Labuan Table of Statutes
This is a non-exhaustive list of the main Malaysian statutes
affecting Labuan, and its offshore and non-resident business.
The statutes are listed in alphabetical order – click
on the statute for a fuller description of the statute, the
legal regime it forms part of, or in some cases the text of
Anti-Money Laundering Act 2001
Anti-Money Laundering (Invocation of Part IV (No.2)) Order
The Malaysian Companies Act 1965
Mutual Assistance in Criminal Matters
The Offshore Companies Act 1990
The Labuan Trust Companies Act 1990
The Offshore Banking Act 1990
The Offshore Insurance Act 1990
The Labuan Offshore Business Activity
Tax Act 1990
The Labuan Offshore Trusts Act 1996
The Labuan Offshore Limited
Partnerships Act 1997
The Labuan Offshore Security Industry Act 1997
Labuan Offshore Security Industries (Amendment) Act 2003
In October, 2005, Bank Negara Malaysia Deputy Governor,
Datuk Zamani Abdul Ghani, told the Labuan Offshore Industry
Dinner 2005 that LOFSA would continue to monitor and enhance
incentives given to the investment community in order to ensure
that the Malaysian island's reputation as a well regulated
and investor-friendly offshore jurisdiction advances.
"Though Labuan IOFC is now considered one of the most established
financial centres in the Asia-Pacific region and one of the
few integrated IOFCs with best international practices and
standards supported by an independent legislative framework,
our efforts to further increase its appeal will not stop,"
"Though Lofsa is the sole independent authority responsible
for the administration of the offshore industry in Labuan,
it will continue to have periodic discussions with other domestic
regulatory agencies on how to further make Labuan IOFC more
attractive," he added.
Zamani said that an International Advisory Panel (IAP) comprising
experts from the private and public sector had been formed
to present domestic and international perspectives and to
He added that the Offshore Companies Act 1990 was - at that
time - in the final stage of being amended, while the Labuan
Offshore Trusts Act 1996 was being reviewed to be in line
with global changes in trusts business.
In April, 2006, LOFSA subscribed to World-Check, a leading
provider of structured intelligence on high and heightened
risk individuals and entities, to screen applications for
licences. The move will allow LOFSA to conduct verification
checks based on the World-Check database, which contains information
on high or heightened risks, such as terrorists, fraudsters,
money launderers, Politically Exposed Persons (PEPs), arms
dealers and sanctioned entities, amongst many other categories.
World-Check also gathers information on its targets' networks
and associates to ensure comprehensive coverage.
In May 2006, it was announced that Malaysia was planning
to carry out a "holistic" review of the tax regime
governing the Labuan international offshore financial centre.
“We’d like to see it (a new tax structure) come
out as soon as possible because it would enhance LOFSA's’s
competitiveness and attractiveness, in particular with other
jurisdictions,” Tan Sri Dr Zeti Akhtar Aziz, chairman
of the Labuan Offshore Financial Services Authority (LOFSA's)
said at the time.
LOFSA then revealed plans to unveil a new strategy in the
first half of 2007 to attract more international investors.
Speaking at the Labuan-IOFC Investment Route to Asia conference
in Kuala Lumpar in December 2006, LOFSA's director-general
said that the authority was looking at ways in which Labuan's
tax structure could be improved, with a particular focus on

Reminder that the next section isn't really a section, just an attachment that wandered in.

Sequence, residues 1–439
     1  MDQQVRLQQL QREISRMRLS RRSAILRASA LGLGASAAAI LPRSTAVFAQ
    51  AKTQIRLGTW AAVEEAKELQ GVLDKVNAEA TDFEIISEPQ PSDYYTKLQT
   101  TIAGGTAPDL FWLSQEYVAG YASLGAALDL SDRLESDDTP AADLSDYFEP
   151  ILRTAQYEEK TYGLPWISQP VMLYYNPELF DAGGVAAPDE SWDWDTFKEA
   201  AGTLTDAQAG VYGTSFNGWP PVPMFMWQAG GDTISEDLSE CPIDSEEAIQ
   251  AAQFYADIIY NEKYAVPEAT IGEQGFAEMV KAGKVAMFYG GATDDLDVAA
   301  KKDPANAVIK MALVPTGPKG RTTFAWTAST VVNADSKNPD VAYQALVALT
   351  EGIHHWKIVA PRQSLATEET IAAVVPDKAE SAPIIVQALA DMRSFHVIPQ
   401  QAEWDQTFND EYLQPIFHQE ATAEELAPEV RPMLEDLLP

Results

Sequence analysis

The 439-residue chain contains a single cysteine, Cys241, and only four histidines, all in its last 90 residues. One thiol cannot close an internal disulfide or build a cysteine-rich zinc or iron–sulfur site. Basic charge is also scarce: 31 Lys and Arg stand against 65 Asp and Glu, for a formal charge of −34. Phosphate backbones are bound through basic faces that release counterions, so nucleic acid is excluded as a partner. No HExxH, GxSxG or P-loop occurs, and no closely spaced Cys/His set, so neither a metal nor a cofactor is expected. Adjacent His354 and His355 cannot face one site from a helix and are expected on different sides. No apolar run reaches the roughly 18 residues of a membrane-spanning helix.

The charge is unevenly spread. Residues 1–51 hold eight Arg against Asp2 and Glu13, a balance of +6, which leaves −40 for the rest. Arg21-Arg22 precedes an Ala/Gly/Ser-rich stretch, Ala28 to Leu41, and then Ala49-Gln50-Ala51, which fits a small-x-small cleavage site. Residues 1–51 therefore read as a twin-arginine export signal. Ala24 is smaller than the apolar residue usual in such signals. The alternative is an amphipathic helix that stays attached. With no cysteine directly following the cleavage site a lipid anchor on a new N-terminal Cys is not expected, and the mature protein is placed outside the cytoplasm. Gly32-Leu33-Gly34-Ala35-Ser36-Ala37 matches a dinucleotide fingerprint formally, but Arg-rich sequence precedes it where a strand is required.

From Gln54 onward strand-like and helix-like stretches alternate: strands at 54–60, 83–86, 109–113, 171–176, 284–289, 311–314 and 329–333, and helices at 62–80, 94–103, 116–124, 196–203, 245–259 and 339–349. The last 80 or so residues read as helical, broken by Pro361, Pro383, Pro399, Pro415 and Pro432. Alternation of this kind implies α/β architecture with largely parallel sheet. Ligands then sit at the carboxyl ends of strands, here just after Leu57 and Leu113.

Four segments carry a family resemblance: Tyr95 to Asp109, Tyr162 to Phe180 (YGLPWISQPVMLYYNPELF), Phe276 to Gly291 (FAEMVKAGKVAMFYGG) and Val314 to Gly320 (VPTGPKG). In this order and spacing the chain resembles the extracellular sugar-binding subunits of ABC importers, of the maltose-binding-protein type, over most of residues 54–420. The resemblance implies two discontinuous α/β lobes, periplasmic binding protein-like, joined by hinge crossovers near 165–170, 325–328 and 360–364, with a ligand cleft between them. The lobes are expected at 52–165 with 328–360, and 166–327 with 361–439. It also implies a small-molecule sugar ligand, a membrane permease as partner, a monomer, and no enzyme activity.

the jurisdiction's double taxation avoidance treaty network.
He also indicated that LOFSA was trying to identify niche
markets, such as Islamic finance, which Labuan could specialise
This end was advanced on March 2007, when the Dubai Financial
Services Authority (DFSA) entered into a mutual recognition
agreement to facilitate cross border distribution of Islamic
investment products with the Securities Commission of Malaysia
In February 2010, new laws which, it is hoped, will substantially
improve Labuan’s competitive edge in international financial
markets came into effect.
A total of four new acts, together with radical amendments
to a further four existing laws, will completely change the
way in which Labuan carries on its financial services business.
With the enactment of the new laws, the Labuan Offshore Financial
Services Authority has been re-named the Labuan Financial
Services Authority (Labuan FSA).
Dato Azizan Abdul Rahman, the Director-General of Labuan
FSA said: “These far-reaching changes cover all financial
activities in Labuan International Business and Financial
Centre – from banking, insurance, leasing and company
incorporation right through to the creation of Islamic financial
products and services. Apart from that, the changes have taken
into consideration all aspects so that we are ahead of accepted
international standards and practices.”
In particular, an additional clause to the Labuan Offshore
Business Activity Tax Act will enable the island to adopt
the internationally-agreed Organization for Economic Cooperation
and Development standard for the exchange of information for
tax purposes in double taxation agreements (DTAs).
It provides power to the Director General of Inland Revenue
to call for information from any person as he may require
for the purpose of compliance with any DTAs entered into by
the government of Malaysia. It allows the disclosure of any
information on a DTA to any authorised agent of the government
with whom Malaysia’s government has made such an agreement,
and upon a request from a tax authority of any government
of any country outside Malaysia.
Furthermore, any person may request for an advance ruling
from the Director General of Inland Revenue on the application
of any provision of the Tax Act to a particular type of arrangement.
Subject to certain qualifications, a ruling issued under this
proposed section is binding on the person who requested for
such ruling and on the Director General of Inland Revenue.
The new laws allow for the creation of Labuan foundations,
limited liability partnerships, protected cell companies (insurance
and mutual funds), shipping operations, Labuan special trusts
and financial planning activities. These complement the existing
available range of products and services and aim to provide
investors with a wider choice of financial products to maximise
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Labuan Trust Law